The board of directors of Orano has approved an investment of some EUR1.7 billion (USD1.8 billion) to raise the production capacity of the Georges Besse II (GB-II) uranium enrichment plant at the Tricastin site in southern France by more than 30%.
The project consists of building a further four modules identical to the 14 existing modules “with the same recognised, tried-and-tested technology and with a reduced environmental footprint”, the company said. The additional cascades will increase the plant’s capacity by 2.5 million separative work units (SWU), the measurement applied to uranium enrichment.
The GB-II centrifuge enrichment plant – which superseded the Georges Besse I gaseous diffusion enrichment plant that ended production in June 2012 – was officially opened in December 2010 and reached its full production capacity of 7.5 million SWU in 2016.
“In the current geopolitical context, the purpose of this increase in enrichment capacities is to strengthen Western energy sovereignty in France,” said Orano Chairman Claude Imauven. “Orano’s decision responds to requirements expressed by our customers to strengthen their security of supply with production expected to start up as of 2028.”
“This project is seeing the light of day thanks to the support of our customers and to the technical and commercial teams from Orano which have been mobilised on the project since March 2022,” said François Lurin, senior executive vice president of Orano’s Chemistry-Enrichment Business Unit. “With this extension to capacity, the uranium produced on the Orano Tricastin site will allow low-carbon energy to be supplied to the equivalent of 120 million households each year.”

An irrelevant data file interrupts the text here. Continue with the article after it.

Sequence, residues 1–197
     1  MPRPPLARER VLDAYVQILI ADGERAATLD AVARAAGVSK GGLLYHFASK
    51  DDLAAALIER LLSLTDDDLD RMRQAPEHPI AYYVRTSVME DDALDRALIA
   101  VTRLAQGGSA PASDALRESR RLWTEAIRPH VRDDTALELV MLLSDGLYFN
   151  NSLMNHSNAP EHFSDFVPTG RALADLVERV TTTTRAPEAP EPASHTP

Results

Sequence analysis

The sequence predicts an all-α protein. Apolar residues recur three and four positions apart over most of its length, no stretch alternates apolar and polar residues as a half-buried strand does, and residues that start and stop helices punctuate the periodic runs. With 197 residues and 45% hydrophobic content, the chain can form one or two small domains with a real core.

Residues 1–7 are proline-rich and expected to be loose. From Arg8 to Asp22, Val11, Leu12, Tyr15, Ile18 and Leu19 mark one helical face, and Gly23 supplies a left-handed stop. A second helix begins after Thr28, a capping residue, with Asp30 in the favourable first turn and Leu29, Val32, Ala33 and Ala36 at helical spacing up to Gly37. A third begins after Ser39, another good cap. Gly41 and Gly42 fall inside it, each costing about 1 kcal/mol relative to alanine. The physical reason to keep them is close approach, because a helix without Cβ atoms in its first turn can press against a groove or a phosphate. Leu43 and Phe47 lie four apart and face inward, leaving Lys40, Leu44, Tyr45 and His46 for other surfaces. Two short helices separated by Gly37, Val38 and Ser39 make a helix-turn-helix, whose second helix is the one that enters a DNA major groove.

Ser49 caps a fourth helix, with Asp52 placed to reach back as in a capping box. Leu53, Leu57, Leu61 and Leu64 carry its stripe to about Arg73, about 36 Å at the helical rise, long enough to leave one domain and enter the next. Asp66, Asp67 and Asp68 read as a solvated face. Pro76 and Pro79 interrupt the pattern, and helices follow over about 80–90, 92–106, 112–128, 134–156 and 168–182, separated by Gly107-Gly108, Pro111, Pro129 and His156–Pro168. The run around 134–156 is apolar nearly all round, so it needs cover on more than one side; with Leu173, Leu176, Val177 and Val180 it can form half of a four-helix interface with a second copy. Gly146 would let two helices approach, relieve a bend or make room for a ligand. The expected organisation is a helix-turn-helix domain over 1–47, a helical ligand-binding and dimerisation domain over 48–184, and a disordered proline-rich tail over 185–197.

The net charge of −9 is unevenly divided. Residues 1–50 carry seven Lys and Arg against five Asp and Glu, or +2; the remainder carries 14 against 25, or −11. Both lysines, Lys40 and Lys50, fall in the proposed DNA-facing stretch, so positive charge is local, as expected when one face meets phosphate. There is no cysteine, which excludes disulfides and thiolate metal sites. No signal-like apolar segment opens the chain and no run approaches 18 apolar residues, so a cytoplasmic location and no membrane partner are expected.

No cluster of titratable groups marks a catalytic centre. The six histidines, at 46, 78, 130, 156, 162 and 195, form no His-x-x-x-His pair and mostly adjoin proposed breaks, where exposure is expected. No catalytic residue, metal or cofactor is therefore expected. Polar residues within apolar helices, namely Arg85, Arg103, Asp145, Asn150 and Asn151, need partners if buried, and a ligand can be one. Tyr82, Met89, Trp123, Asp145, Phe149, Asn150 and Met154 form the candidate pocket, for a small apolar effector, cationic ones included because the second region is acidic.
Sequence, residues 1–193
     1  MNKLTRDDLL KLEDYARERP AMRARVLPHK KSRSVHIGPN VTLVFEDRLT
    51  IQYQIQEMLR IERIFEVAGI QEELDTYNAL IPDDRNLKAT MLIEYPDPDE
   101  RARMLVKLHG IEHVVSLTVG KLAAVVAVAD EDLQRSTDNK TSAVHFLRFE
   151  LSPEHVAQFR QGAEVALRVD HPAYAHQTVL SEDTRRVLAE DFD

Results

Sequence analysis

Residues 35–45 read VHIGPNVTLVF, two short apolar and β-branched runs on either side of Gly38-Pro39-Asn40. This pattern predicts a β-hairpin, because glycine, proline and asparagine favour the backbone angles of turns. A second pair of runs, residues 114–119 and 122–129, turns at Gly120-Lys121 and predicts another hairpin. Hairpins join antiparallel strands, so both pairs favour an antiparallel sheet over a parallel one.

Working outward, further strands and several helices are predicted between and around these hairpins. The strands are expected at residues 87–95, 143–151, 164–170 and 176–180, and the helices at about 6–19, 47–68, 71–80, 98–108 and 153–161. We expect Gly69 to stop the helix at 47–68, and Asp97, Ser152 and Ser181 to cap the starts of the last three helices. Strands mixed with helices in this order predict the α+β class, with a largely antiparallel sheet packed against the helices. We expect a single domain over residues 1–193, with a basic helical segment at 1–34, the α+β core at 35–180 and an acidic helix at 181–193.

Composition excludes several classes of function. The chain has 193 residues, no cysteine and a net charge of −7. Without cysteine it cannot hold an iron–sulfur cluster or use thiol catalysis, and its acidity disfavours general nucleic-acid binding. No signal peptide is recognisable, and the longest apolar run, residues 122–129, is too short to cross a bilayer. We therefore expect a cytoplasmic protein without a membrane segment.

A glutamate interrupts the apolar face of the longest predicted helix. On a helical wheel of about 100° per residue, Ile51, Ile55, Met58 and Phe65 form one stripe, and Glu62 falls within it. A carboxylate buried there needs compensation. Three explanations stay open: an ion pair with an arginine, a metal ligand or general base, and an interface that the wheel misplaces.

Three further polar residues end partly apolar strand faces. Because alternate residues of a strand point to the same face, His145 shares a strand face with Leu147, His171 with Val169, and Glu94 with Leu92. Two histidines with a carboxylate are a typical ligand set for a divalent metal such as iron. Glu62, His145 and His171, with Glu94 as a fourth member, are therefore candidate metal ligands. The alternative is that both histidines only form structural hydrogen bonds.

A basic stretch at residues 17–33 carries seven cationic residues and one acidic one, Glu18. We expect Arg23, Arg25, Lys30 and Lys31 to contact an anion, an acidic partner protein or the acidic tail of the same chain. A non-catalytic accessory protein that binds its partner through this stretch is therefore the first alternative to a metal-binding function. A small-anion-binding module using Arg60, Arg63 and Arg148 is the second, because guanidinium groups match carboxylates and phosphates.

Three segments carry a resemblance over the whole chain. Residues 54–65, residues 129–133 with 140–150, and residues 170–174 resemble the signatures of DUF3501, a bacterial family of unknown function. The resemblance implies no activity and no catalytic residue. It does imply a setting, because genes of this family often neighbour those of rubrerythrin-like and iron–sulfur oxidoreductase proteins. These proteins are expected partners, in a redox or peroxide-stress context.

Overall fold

He noted “the importance of the support of the Japanese (Japan France Enrichment Investing, a consortium of Japanese utilities) and Korean (Korea Hydro & Nuclear Power) shareholders in the Tricastin enrichment company SETH (Société d’Enrichissement du Tricastin Holding) in the realisation of this project”.
Last month, Lurin said the decision to extend capacity follows requests from some US and European customers who are seeking alternatives to Russian sources of supply. “We have been considering various options and we have concluded that the only way to supply additional needs was to build an extension to our existing capacities and the primary choice we would be able to make is to build up an extension on our Tricastin site at GB-II plant,” he said in a video interview. He added: “We are happy to say that we would be able to start up production in 2028, with a ramp-up over two to three years up to a nominal production in 2030.”
Source: World Nuclear News